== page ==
HOWEVER note this: if the applicant's monthly care expenses are so high that his assets are rapidly depleted (for example, he has to heavily tap his assets every month to pay a high ALF bill), then that modifies the age considerations above. For example, an 80 year old applicant who has to use $3000 of his assets to pay his ALF bill every month might be regarded by the VA on the same footing as a 70 year old applicant with the same asset amount who only has to take $1000 from his assets. [Please note these numbers are for illustration only].

    As you can imagine then, there's no definite, exact dollar answer to the question "what is the asset limit?" It is a fact-dependent question, depending on the age of the applicant, his/her life expectancy, and monthly care expenses.

    As to your last question about the independent living costs of your mother. Someone else please clarify, but I believe(?) the VA has made it harder to count the costs of independent living facilities as an unreimbursed medical expense that you can deduct from your income. I think it hinges on whether the facility provides "custodial care" (assisting with 2 or more activities of daily living).....I did not encounter this issue with my father's application, so please--someone else jump in if I'm wrong here.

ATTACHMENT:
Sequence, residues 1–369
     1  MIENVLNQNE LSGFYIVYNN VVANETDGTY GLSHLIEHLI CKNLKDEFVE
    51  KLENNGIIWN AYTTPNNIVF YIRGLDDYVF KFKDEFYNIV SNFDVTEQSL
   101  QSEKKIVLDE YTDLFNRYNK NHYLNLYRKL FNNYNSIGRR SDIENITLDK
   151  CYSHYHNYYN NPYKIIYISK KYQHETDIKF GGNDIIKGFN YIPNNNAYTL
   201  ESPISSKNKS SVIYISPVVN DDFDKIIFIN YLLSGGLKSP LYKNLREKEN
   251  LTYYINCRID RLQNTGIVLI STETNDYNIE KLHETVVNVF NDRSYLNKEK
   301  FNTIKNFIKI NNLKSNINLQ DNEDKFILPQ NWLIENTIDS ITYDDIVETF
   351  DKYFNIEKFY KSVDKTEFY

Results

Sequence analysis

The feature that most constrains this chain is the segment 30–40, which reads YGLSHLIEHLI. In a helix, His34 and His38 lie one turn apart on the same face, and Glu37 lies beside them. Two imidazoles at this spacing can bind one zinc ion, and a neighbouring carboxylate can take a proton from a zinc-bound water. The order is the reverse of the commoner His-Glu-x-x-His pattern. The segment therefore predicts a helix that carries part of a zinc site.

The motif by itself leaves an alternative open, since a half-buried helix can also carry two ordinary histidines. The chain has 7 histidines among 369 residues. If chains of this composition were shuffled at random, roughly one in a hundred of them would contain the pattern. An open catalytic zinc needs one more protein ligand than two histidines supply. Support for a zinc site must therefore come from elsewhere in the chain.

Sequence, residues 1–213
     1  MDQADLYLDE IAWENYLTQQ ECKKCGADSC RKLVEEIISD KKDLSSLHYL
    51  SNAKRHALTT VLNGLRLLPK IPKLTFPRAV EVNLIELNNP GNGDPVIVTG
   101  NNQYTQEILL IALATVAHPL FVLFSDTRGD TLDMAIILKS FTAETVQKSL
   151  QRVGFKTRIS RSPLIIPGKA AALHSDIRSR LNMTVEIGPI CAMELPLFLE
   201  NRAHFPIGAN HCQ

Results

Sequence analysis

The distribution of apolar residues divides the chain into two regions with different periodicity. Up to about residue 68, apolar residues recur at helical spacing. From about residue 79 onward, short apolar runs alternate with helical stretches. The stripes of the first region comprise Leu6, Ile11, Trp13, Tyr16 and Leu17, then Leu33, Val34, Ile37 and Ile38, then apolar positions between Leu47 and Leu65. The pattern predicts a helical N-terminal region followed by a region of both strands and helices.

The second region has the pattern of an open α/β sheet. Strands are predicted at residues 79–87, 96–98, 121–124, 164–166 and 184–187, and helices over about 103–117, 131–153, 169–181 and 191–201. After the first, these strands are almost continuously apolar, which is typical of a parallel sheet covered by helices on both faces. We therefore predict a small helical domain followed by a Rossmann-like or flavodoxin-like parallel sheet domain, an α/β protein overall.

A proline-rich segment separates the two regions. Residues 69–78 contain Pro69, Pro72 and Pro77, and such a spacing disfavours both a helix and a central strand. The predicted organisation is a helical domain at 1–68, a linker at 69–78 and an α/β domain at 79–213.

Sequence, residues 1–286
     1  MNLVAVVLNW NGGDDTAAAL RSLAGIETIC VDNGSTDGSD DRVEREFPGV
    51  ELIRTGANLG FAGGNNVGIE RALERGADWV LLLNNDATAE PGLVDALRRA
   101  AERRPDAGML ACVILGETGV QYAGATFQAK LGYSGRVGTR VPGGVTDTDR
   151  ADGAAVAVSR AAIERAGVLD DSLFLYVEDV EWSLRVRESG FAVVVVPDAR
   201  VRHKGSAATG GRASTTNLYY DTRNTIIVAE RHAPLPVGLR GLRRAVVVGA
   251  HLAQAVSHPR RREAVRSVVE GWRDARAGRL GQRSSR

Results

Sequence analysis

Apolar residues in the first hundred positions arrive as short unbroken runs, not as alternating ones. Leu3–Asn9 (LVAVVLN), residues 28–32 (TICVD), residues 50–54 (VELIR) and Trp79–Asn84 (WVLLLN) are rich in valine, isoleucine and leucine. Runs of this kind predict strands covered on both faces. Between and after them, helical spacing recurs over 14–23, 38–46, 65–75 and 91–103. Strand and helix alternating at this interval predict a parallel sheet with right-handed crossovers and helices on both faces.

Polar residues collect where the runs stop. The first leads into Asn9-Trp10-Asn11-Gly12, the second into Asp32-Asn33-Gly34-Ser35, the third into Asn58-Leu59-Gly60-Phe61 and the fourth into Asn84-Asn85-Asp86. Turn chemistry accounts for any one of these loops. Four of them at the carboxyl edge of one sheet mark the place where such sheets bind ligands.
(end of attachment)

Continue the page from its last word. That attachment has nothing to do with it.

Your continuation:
Last edited: Mar 15, 2017
    Kaylin likes this.
  3. Kaylin

    Kaylin Hero Member Staff Member